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InnerSpace Reviewed by Cyril Lachel on . As a game about flying, swimming and exploration, InnerSpace is a lot of fun. I had a great time uncovering all of the relics and solving the many puzzles. Where the game stumbles is in telling an emotionally resonant story. It feels like there are a lot of good ideas left unexplored in this game. I had a good time learning about this unusual world, but found myself a little disappointed when it was all over. That's the Inverse of what I was hoping for. Rating: 64%
InnerSpace
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  • Review Score:

  • B-
When you hear a game described as "non-violent" and "story-driven," a lot of people immediately picture something like Gone Home or Everybody's Gone to the Rapture. That is to say, games where the story takes priority over gameplay, interaction and pretty much everything else. But InnerSpace isn't like that. Yes, this is a non-violent story-driven game, but it's also about exploration, flying, puzzle solving and so much more. InnerSpace is an adventure game I couldn't wait to unpack.

You take control of an autonomous flying machine created by an old Archaeologist. He built the craft in order to help him explore and document this unusual world known as the Inverse before it's destroyed once and for all. The goal is to navigate your way around the Inverse picking up the relics in order to help the Archaeologist save the memories of this strange and forgotten land.


What makes the Inverse so unusual is that it's actually a series of locations, each confined to the inside of a large sphere. There's still water, buildings, mountains and the things you world normally see, only this time it's trapped in a large round object. There's no horizon here, which can be both exhilarating and disorienting at the same exact time.

Aside from the Archaeologist occasionally pointing his flying machine in the right direction, InnerSpace doesn't have the structure of most adventure games. This really is about exploring these inverted worlds in an effort to locate ruins and pick up little bubbles filled with wind. There are music and environmental clues to what you're supposed to do, but a lot of it is about poking around and figuring out the puzzles you'll need to solve in order to advance to the next location.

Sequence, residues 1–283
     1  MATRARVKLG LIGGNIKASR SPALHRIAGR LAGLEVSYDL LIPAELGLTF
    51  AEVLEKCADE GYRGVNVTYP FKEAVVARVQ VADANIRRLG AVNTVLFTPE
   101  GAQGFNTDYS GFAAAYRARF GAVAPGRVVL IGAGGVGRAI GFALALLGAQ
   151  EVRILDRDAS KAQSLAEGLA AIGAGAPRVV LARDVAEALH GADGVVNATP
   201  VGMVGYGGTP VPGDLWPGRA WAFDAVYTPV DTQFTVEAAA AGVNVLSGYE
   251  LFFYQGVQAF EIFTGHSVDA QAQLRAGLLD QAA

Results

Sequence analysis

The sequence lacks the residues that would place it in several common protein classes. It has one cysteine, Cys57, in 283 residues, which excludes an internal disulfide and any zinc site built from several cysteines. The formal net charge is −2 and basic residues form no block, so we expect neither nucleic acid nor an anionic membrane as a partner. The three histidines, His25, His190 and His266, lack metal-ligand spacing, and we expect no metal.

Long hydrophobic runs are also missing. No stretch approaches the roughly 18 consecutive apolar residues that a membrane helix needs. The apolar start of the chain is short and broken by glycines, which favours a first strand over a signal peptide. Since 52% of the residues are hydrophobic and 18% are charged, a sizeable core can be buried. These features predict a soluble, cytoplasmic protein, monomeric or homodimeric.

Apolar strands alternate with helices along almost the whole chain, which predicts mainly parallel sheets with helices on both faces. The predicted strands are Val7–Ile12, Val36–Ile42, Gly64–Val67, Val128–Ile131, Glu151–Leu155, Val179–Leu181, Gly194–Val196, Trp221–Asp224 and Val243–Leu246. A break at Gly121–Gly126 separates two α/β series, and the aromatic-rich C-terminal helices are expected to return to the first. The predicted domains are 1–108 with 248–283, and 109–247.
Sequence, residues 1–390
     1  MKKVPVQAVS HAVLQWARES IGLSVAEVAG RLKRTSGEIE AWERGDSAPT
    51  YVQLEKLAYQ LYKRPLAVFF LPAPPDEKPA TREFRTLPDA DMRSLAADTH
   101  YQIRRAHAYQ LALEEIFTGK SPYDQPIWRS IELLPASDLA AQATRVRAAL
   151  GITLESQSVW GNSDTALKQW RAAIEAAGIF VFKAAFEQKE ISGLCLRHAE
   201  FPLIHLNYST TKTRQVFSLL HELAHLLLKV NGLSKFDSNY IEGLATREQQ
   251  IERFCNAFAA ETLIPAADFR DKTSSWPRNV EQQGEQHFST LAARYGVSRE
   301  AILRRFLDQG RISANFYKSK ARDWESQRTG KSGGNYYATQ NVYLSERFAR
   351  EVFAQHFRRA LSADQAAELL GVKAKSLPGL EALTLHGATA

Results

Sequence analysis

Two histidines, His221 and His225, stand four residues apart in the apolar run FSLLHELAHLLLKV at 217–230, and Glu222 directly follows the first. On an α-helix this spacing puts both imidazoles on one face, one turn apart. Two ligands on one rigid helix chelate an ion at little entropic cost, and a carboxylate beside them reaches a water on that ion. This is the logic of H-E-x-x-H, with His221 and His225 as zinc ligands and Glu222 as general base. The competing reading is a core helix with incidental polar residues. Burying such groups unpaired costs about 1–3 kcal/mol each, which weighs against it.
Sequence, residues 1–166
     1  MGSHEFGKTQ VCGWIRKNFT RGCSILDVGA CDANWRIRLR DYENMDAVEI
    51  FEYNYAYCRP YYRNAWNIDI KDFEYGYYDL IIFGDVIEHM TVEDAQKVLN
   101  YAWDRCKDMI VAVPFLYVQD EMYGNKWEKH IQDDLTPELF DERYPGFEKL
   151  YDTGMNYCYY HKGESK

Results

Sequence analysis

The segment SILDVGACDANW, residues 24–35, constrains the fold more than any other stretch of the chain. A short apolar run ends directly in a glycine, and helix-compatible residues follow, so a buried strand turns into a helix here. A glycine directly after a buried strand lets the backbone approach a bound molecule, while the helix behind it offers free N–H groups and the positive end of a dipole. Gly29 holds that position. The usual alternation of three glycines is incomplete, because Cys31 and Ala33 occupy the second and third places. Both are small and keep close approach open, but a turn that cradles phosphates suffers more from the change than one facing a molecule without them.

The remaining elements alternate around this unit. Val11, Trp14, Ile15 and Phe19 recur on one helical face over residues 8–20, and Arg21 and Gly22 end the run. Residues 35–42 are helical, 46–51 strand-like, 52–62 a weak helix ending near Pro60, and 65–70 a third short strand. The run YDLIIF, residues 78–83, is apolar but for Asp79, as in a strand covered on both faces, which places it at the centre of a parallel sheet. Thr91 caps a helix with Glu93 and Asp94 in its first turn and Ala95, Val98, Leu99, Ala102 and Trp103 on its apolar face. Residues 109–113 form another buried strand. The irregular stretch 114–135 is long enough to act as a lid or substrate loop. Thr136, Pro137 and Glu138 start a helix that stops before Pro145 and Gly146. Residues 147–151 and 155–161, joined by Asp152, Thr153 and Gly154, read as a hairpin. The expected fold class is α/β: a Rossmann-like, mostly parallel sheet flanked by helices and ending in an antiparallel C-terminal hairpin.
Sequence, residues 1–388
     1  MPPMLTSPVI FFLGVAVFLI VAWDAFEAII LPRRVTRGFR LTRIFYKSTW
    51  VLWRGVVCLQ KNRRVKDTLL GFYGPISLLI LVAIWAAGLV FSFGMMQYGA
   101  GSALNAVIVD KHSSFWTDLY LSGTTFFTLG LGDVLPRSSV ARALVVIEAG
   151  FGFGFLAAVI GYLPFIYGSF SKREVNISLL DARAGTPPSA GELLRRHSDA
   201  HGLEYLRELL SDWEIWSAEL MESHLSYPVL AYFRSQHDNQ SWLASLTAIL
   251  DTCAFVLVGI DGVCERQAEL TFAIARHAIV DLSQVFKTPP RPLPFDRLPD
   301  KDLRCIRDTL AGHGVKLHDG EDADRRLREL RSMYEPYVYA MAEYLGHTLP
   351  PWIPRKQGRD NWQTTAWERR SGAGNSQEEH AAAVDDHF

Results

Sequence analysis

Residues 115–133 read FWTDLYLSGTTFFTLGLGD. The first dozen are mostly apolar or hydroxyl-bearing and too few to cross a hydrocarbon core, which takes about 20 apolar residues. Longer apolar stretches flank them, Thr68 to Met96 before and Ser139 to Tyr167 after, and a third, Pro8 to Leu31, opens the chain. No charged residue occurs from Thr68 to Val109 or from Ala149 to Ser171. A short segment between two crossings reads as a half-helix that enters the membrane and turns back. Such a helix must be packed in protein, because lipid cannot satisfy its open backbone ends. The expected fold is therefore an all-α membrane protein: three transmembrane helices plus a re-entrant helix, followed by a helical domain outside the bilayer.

Beyond simply giving the Archaeologist more information about the Inverse, these relics will also allow him to upgrade the craft in a number of ways. One of the biggest changes is the ability to not just fly through the air, but dive deep underwater and swim for more treasure. You'll also be able to change to faster and slower flying machines, but being able to switch to a submarine is a feature built into each of them.

InnerSpace (PlayStation 4)Click For the Full Picture Archive

There's something kind of relaxing about the whole experience, which isn't what I expected going in. Both in the air and underwater, there's never a sense of urgency to the game. You explore these worlds at your own pace, just finding relics, picking up wind bubbles and solving puzzles. There aren't any enemies to kill or obstacles to dodge, it's merely a broken down old world that is getting ready to die.

I like that each of the locations has a different look and feel. These aren't just carbon copies of other worlds, but instead give us new types of puzzles to wrap our brains around. Some of the stages have you navigating way through narrow tunnels and corridors, while others will be wide open, both above and below water. You'll occasionally run into ancient creatures still lingering around and looking to pass their knowledge to a next person. Or, in this case, next flying machine.

Unfortunately, that leads me to my biggest criticism: The story isn't as fleshed out as it needs to be. Look, I'm not saying that it needs to become one of those linear story-based games where it's all about the narrative, but it feels like this game stops short of doing anything truly memorable with the story. Part of the problem is that there isn't much of a connection between the Archaeologist and his creation, so their matter-of-fact conversations did little more than provide information. There are long stretches where they barely talk, and what is said is of little importance. Most of the interesting bits come from other characters looking to share their information about the Inverse, but even that lacks the emotional punch you would hope for.

InnerSpace (PlayStation 4)Click For the Full Picture Archive

I also found the flying to be a bit tricky at times, especially when it comes to those narrow corridors I was talking about earlier. Because the flying machine is always moving, it's easy to bounce around the environment and get even more disoriented than you already were. It's not that the flying is difficult. In fact, once I got used to it, I found traveling around these worlds to be a breeze. But it's a little too easy to lose control in cramped spaces or get into trouble when going into shallow waters.

As a game about flying, swimming and exploration, InnerSpace is a lot of fun. I had a great time uncovering all of the relics and solving the many puzzles. Where the game stumbles is in telling an emotionally resonant story. It feels like there are a lot of good ideas left unexplored in this game. I had a good time learning about this unusual world, but found myself a little disappointed when it was all over. That's the Inverse of what I was hoping for.
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